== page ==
After training as a film cameraman at state broadcaster the NZBC, David Paul continued his cinematic apprenticeship in suburban houses and emergency wards, helping film reality shows like Hospital, Home Front and Location Location Location. At the same time he had already begun shooting the first of more than 30 documentaries, including 1996 Maori land claim doco One Land Two Peoples.

Paul’s doco work includes shooting images of ballet (Black on Red and 50 Years on their Toes), architect Ian Athfield (Architect of Dreams) and meat pies (the “beautifully filmed” Who Ate All the Pies). In 2004 he travelled to Tokelau with brothers Jason and Kris Fa’afoi for acclaimed return home documentary Long Lost Sons. The programme won Paul a nomination for his camerawork at the 2005 NZ Screen Awards.

By now Paul had begun branching out into other genres. He had already helped out on camera duties on sci-fi hit The Tribe and comedy series Love Bites, and in 2004 he was asked to be director of photography for multiple seasons of fast-turnaround sketch show Facelift. The job was made more challenging by the fact that many of the cast acted under prosthetic make-up.

Paul went on to work as director of photography on episodes of the innovative and stylish drama series The Insiders Guide to Happiness. The following year he took on the lion's share of D.O.P. duties for prequel show The Insiders Guide to Love, before adding a third ensemble drama from the Gibson Group stable to his CV: The Hothouse. The trio of dramas would result in three best camera nominations at the Qantas TV Awards.

Paul had not forsaken documentary entirely. Immigration series Here to Stay took him around the world, while award-winning Gaylene Preston doco The Time of Our Lives saw him travelling to England, alongside 32 war veterans. Undercover, a three-part examination of the world of undercover policemen, would again take him within inches of the winner’s podium at the Qantas TV awards.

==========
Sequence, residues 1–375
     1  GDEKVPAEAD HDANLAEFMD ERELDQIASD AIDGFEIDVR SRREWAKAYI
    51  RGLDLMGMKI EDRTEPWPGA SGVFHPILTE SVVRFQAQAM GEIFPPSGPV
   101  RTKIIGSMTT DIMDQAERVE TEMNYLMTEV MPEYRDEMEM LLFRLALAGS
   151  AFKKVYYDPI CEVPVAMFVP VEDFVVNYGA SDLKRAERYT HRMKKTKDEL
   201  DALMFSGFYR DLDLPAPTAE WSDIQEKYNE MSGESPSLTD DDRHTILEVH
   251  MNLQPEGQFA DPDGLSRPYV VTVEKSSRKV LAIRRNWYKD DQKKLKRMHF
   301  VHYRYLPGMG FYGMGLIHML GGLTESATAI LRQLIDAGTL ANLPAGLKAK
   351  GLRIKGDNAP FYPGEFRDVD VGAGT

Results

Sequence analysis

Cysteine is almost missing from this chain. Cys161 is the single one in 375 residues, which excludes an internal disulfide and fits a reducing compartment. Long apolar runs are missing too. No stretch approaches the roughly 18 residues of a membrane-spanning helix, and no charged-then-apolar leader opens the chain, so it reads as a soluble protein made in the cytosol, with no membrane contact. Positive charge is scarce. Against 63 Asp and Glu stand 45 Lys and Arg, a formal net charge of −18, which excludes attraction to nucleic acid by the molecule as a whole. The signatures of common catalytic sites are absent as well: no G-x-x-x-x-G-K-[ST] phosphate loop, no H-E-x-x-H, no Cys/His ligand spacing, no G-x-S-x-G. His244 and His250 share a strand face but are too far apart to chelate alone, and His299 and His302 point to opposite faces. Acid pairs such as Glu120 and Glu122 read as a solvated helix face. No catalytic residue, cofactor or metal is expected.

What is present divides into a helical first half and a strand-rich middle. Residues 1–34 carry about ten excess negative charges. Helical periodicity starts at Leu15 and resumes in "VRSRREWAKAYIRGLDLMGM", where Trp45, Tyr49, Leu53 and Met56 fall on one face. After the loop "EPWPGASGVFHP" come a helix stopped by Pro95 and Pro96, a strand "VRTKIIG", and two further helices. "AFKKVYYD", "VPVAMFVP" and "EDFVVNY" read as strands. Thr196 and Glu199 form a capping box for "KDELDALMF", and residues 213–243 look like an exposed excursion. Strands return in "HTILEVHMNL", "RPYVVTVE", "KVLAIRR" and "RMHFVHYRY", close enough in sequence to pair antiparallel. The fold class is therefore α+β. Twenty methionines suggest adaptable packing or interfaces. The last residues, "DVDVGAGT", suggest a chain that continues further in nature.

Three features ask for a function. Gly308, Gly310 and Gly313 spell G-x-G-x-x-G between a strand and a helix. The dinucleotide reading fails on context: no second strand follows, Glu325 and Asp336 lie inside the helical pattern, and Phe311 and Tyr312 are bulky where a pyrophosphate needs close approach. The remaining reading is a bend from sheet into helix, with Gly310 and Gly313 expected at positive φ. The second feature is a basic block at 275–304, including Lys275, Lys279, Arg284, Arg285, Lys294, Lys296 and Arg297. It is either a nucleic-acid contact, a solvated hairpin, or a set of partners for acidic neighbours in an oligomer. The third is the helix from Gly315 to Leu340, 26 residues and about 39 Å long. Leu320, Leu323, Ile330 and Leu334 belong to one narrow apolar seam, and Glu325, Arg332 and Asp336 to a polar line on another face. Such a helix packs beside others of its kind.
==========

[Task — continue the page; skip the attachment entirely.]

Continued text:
By 2008 Paul was expanding into feature-length projects. He shot images for the second unit on Preston’s Home by Christmas, and Show of Hands. In 2009 he finally scored his Qantas award — as director of photography on tele-movie Until Proven Innocent. It was based on the true story of David Dougherty, imprisoned and later pardoned for the rape of an 11-year-old child. Paul followed it with period romance Tangiwai - A Love Story, and Springbok tour tale Rage. He was nominated for both tele-movies, winning for Tangiwai.

Tele-movies litter Paul's CV; he has gone on to handle the images for projects inspired by the Rugby World Cup, pacifist Archibald Baxter, Scott Watson and Helen Milner (Catching the Black Widow). He also shot miniseries Hillary and episodes of the TV version of action drama The Dead Lands .

Paul's first director of photography credit on a feature film dates back to 2012 family comedy Kiwi Flyer. The film revolves around a boy who sets out to win the Nelson trolley derby, in memory of his late father. Paul followed it by shooting conspiracy thriller The Cure and teen series Girl Versus Boy; the latter project reunited him with Thomas Robins and David Stubbs, the directors behind Emmy-nominated net series Reservoir Hill.

Having earlier made a doco on Margaret Mahy, Paul's television work includes the distinctively earth-toned palette of fantasy Kaitangata Twitch, based on the Mahy novel. Directed by Yvonne Mackay, the series premiered on Māori Television in 2010, and went on to win many awards. More awards followed for Paul's work on The Banker, the Escorts, and the $18 Million, a documentary on bank fraudster Stephen Versalko, and 2016 TV movie The Dance Exponents - why Does Love? 

Paul has also taken on a very different role: as presenter of Yvonne Mackay-directed doco Painting with Light - Brian Brake Rediscovered. Paul took viewers through some of the ground-breaking methods used to achieve Brake's images. 

Paul has worked extensively on both film and video. He has shot images on 16mm, 35mm, Digibeta, HD and with the digital RED camera. On the musical front, his CV includes shooting concert footage of Split Enz and the Eurythmics, and directing four videos for Auckland rockers Tourist.

Profile published on 19 August 2009; updated on 18 April 2019

Sources include
David Paul - Cinematographer website. Accessed 18 April 2019
Interview with David Paul - Onfilm, May 2009